Dodgers collapse, Phillies prevail in a wild one


Over-analyzing one baseball game is frivolous.  Heck, over-analyzing a three-game series is frivolous.  The baseball season is a 162-game grind that is best viewed in large chunks — halves or quarters, whatever.

But, every year and without fail, there are games that seem to swing the pendulum of momentum within a division race.  The Cardinals’ three-game sweep of the Reds in Cincinnati this week felt important.  And it was important.  Same goes for the Dodgers’ brutal loss to the Phillies on Thursday night at Citizens Bank Park.

Up 9-2 heading into the bottom of the 8th inning, the Dodgers looked to have a victory in hand.  Sure, their bullpen is not without flaws, but getting six outs while protecting a seven-run lead is not exactly a daunting task.  At least, not on most nights.

Reliever Ronald Belisario, fresh off a stint on the restricted list due to a substance abuse problem, opened the bottom of the 8th for the Dodgers.  He surrendered a single to Placido Polanco, a single to Mike Sweeney, then threw a wild pitch that allowed both Phillies to advance.  Jayson Werth made him pay immediately with a two-run base hit, then Werth advanced to second when Belisario was issued a balk. 

Collapse in session.

Belisario served up another RBI to Ben Francisco before exiting to a 9-5 deficit and a large, sarcastic applause from the Philadelphia faithful.  The Phils got one more run across the plate against Kenley Jansen, closing out the 8th inning with a big “9-6” flashing on the outfield scoreboard. 

You could smell trouble in the air.  And the cheesesteaks.  You could definitely smell cheesesteaks.

Dodgers closer Jonathan Broxton, a massive and mostly dominant right-hander, has never pitched well against the Phillies.  Including Thursday’s ugly showing, he is 2-2 with a 9.82 ERA, one save and three blown save chances against Philadelphia.  Par for the course, he hit the first batter that he faced, allowed a walk to Mike Sweeney, then third baseman Casey Blake booted a ground ball that allowed the winning run to reach first base. 

Carlos Ruiz knocked in that winning run in the game’s next at-bat with a shot that nearly cleared the center field wall.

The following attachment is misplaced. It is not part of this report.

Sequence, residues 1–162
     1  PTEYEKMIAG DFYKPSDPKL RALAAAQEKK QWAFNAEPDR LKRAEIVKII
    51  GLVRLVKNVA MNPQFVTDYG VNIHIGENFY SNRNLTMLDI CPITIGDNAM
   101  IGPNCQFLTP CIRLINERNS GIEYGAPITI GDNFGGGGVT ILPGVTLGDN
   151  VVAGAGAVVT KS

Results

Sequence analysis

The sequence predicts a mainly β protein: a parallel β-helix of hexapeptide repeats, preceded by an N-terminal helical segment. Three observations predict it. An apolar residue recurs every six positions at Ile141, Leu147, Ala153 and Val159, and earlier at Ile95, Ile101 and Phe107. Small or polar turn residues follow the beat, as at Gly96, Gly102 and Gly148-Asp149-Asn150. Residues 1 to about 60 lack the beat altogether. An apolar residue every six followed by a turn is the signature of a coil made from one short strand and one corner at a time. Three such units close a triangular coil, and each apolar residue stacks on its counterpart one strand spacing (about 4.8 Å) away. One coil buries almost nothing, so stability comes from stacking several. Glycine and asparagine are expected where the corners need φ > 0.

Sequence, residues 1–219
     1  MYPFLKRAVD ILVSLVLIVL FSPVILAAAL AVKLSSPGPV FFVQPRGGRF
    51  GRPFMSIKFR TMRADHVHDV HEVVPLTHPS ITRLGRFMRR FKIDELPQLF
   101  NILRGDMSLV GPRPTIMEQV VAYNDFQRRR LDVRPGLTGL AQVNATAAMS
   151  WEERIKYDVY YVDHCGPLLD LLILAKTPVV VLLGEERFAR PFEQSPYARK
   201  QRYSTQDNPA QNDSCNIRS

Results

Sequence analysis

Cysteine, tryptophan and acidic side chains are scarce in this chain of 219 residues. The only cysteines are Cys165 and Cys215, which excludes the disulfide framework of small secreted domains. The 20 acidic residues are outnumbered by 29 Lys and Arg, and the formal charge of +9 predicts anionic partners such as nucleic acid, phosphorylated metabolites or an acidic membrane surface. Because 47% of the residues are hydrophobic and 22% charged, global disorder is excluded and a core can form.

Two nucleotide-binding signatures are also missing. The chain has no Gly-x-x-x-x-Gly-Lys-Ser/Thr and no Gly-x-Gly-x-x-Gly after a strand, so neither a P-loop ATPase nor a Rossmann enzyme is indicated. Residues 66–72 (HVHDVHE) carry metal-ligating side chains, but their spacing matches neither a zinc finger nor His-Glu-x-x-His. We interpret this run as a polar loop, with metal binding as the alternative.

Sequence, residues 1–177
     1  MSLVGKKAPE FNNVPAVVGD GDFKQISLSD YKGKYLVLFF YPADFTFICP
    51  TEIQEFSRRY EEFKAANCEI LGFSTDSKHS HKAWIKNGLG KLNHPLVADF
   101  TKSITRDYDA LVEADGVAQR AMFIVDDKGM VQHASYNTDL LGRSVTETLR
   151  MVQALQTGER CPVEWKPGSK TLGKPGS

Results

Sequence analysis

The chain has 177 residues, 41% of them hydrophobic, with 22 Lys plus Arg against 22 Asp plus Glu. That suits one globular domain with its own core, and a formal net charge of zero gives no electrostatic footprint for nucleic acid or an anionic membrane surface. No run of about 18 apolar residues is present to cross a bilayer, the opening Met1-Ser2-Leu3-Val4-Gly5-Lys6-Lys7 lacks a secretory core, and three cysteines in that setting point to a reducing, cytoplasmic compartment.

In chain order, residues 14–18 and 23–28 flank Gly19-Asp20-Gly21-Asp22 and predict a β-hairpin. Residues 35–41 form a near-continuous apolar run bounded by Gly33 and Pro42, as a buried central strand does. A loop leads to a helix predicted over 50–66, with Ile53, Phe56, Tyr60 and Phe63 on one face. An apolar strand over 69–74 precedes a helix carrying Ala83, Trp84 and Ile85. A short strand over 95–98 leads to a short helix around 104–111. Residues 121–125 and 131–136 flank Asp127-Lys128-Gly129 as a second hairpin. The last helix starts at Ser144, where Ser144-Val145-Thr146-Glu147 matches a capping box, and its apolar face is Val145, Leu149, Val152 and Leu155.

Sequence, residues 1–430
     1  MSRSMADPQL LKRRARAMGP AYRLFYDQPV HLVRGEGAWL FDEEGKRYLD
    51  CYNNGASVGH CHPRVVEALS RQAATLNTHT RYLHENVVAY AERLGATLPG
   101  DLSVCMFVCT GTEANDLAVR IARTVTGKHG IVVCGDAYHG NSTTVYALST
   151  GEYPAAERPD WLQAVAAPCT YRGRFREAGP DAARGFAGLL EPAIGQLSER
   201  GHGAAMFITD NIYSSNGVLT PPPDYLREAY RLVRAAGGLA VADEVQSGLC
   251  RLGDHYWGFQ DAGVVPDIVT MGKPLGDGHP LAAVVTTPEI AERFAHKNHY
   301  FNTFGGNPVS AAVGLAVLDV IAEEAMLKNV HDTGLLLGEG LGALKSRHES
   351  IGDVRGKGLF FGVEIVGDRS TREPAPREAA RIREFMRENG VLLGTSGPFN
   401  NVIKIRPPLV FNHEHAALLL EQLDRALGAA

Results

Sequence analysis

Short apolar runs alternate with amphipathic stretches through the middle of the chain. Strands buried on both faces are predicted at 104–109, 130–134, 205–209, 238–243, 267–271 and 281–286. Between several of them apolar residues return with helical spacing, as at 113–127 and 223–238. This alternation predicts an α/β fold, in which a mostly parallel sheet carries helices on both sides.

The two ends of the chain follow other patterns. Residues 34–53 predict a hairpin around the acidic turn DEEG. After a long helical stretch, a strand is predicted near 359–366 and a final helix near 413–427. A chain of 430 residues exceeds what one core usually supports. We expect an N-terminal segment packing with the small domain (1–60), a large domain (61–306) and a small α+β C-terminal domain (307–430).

The Dodgers now stand nine games back of the Padres in the National League West and can probably be counted out of the postseason barring a major collapse at the top of that division.  The Phillies, meanwhile, have won eight of their last 10 games to move within two games of the Braves in the National League East.

Maybe in October we’ll look back to Thursday, August 12, and say, “Hey, that’s when the Phillies got ignited.  And when the Dodgers took their last gasp of hope-filled air.”

Ryan Zimmerman’s spring training has been . . . weird

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Nationals first baseman Ryan Zimmerman has played in exactly one Grapefruit league game this year, and that was way back on March 2. Since then he has been totally absent from the Nats’ big league spring games, playing instead on the back fields in sim games and in minor league contests.

While that’s not an unusual course of action for an injured or rehabbing player, both Zimmerman and the Nationals insist that there is nothing wrong with him. Per this report from MASN’s Mark Zuckerman, they’re saying that Zimmerman “simply prefers to get his work done in the more controlled environment of minor league games, where the rules are lax.” He doesn’t have to dive for balls, he can lead off every inning, etc. Manager Dave Martinez says Zimmerman simply doesn’t like the usual spring training grind and that this is working for him so he’s fine with it too.

Are you buyin’ that? Not sure I’m buyin’ that.

I suppose weirder things have happened. The Minnesota Twins once let Jack Morris go back to his farm in between starts rather than stay with the club. Other accommodations have been made for veterans, especially in spring training. But this is way more in keeping with a team hiding an injury. Though I have no idea why the Nats would choose to hide an injury to Zimmerman. They’ve talked at length about Daniel Murphy‘s knees and Adam Eaton‘s seemingly never-ending rehab. If Zimmerman has some aches and pains, you’d think they’d talk about it.

On the other hand, if this is a legit story and it is simply an accommodation for a veteran who doesn’t like the normal spring training grind, look for Zimmerman to be a trailblazer, because there are a LOT of dudes who hate spring training too and would love to change things up like this.